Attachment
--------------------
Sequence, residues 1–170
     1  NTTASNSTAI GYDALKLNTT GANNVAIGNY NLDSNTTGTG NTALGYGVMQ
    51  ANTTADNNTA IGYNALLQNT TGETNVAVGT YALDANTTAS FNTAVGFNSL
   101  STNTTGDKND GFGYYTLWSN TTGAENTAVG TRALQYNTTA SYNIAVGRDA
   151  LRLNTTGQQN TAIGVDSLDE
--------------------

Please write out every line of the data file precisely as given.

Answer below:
Sequence, residues 1–170
     1  NTTASNSTAI GYDALKLNTT GANNVAIGNY NLDSNTTGTG NTALGYGVMQ
    51  ANTTADNNTA IGYNALLQNT TGETNVAVGT YALDANTTAS FNTAVGFNSL
   101  STNTTGDKND GFGYYTLWSN TTGAENTAVG TRALQYNTTA SYNIAVGRDA
   151  LRLNTTGQQN TAIGVDSLDE